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Dacey Mormont, who seemed to be the only woman left in the hall besides Catelyn, stepped up behind Edwyn Frey, and touched him lightly on the arm as she said something in his ear. Edwyn wrenched himself away from her with unseemly violence. "No," he said, too loudly. "I'm done with dancing for the nonce." Dacey paled and turned away. Catelyn got slowly to her feet. What just happened there? (aSoS, Catelyn VII)
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Young Ser Benfrey had seized Dacey Mormont by the arm, but Catelyn saw her grab up a flagon of wine with her other hand, smash it full in his face, and run for the door. It flew open before she reached it. Ser Ryman Frey pushed into the hall, clad in steel from helm to heel. A dozen Frey men-at-arms packed the door behind him. They were armed with heavy longaxes. "Mercy!" Catelyn cried, but horns and drums and the clash of steel smothered her plea. Ser Ryman buried the head of his axe in Dacey's stomach. (aSoS, Catelyn VII)

First Catelyn sees Robb dance with the she-bear at a wedding. Symbolically the bear is not without a dancing partner originally at a wedding. It also alights the symbolical respect due to a bear from King Robb. In the next scene with Dacey we see something entirely different. Edwin Frey refuses to dance with Dacey, in a very rude manner. GRRM is alerting us through Catelyn's inner wonderings, and telling us, "watch closely, something disturbing is happening here." And there is of course: the doors are about to be closed and the swords and axes are about to be drawn and turned agains the guests. However, i a symbolical deeper layered manner, the disturbance at that moment is turned against a bear. Finally, we see the she-bear being unceremoniously slaughtered, in the stomach. The Red Wedding is thereby established as manslaughter and murder. And it is even doubly worse - not only is a bear murdered, but a she bear. The ritual bear-hunts involve male bears only, never female bears. If the murder of a male bear is a taboo, even the ritual killing of a she bear is a taboo. The male bear lords and protects the game. The she-bear provides it. It is an assault onto fertility and life itself. Where the onslaught on male fertility occurs through dismembering of the penis, the female fertility is attacked in the belly or groin.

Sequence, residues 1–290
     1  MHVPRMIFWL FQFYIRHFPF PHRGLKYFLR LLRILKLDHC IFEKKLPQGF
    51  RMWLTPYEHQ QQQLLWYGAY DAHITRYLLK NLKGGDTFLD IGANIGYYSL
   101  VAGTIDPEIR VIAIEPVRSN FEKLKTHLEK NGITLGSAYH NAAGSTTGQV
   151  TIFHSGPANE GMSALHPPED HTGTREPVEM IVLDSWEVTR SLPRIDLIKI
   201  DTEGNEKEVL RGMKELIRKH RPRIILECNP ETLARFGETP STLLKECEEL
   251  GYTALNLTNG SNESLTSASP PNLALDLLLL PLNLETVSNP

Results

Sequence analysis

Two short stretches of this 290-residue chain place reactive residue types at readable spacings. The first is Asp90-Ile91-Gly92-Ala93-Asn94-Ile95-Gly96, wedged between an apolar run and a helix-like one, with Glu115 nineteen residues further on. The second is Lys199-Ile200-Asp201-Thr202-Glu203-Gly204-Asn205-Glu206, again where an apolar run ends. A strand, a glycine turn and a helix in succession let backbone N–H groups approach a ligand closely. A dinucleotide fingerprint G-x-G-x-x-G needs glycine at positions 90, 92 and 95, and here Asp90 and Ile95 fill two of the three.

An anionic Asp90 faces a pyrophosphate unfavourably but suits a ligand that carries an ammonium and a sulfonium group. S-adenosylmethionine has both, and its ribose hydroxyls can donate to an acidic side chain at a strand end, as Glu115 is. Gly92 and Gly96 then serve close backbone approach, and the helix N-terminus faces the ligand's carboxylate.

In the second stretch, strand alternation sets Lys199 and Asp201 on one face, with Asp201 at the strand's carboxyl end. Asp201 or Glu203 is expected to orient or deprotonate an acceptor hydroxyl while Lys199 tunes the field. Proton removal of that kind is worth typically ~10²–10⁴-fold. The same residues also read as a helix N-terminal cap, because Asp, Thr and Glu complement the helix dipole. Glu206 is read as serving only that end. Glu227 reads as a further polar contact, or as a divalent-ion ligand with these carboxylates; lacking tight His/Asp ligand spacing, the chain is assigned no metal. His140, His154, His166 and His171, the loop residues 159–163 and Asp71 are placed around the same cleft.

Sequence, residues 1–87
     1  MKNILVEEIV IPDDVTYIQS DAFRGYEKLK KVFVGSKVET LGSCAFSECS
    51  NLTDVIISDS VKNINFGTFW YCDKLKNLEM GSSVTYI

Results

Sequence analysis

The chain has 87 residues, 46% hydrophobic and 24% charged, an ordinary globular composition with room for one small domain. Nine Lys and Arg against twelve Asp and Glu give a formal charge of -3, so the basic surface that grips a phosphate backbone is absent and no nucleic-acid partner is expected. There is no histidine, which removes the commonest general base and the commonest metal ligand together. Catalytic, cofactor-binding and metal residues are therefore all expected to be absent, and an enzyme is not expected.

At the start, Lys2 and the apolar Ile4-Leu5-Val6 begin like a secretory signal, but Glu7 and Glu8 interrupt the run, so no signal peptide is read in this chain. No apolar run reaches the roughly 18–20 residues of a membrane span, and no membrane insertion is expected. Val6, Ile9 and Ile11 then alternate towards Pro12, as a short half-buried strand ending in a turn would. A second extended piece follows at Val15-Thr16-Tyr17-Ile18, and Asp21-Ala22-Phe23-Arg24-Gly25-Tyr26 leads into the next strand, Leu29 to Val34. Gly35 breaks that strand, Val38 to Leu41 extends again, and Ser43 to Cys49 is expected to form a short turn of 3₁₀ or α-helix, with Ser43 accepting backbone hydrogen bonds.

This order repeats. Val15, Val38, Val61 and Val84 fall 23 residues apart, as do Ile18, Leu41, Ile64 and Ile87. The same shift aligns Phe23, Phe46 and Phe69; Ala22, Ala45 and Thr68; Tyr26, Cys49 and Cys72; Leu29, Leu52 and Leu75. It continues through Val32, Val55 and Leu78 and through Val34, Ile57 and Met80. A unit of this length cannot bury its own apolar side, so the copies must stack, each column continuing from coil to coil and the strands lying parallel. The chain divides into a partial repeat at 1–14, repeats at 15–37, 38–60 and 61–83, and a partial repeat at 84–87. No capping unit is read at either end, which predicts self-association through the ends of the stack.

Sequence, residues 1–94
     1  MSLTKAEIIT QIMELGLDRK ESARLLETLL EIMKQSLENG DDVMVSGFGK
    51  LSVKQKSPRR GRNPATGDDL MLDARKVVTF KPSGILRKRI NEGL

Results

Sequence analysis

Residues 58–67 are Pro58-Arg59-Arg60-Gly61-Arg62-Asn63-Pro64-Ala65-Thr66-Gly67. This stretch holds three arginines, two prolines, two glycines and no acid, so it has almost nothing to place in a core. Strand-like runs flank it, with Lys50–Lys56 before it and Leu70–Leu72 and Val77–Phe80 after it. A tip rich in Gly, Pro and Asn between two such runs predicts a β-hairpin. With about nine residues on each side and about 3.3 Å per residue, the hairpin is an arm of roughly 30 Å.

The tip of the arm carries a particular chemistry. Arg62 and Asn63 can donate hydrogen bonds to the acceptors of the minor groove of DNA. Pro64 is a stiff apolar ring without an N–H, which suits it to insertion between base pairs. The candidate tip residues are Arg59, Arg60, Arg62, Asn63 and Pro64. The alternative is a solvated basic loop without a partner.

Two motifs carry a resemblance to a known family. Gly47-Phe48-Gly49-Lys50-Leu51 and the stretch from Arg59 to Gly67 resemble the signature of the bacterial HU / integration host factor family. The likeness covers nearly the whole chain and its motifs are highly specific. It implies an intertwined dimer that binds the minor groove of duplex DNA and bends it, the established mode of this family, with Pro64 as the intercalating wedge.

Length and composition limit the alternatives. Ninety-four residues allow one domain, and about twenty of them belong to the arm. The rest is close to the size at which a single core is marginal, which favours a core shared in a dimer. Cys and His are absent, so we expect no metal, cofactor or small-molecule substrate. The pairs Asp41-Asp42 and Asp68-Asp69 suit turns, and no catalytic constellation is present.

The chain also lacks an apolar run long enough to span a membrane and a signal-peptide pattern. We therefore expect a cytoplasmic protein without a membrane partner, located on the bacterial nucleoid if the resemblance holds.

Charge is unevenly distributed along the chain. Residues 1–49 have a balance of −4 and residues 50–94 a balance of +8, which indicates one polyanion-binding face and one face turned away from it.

(Show anology)

Spoiler

The TV show tried to mimic this by having Talissa being stabbed in her pregnant belly

So, the Red Wedding does have bear elements in the event, but not in the moral favor of Lord Walder Frey, another character that tries to gain and grown on extortion basically. All the bear elements (including the absense of them beforehand) are in favor of those slaughtered at the Red Wedding. Walder Frey attempted to emulate the revenge of a bear, but this is not symbolically backed up, and grotesquely reversed. So, while in-world Lord Walder Frey and Roose Bolton break Westeros' biggest taboo of guest right, they break one literary hidden taboo - they spurn and murder a she-bear. And that is why imo GRRM draws attention to it via Catelyn.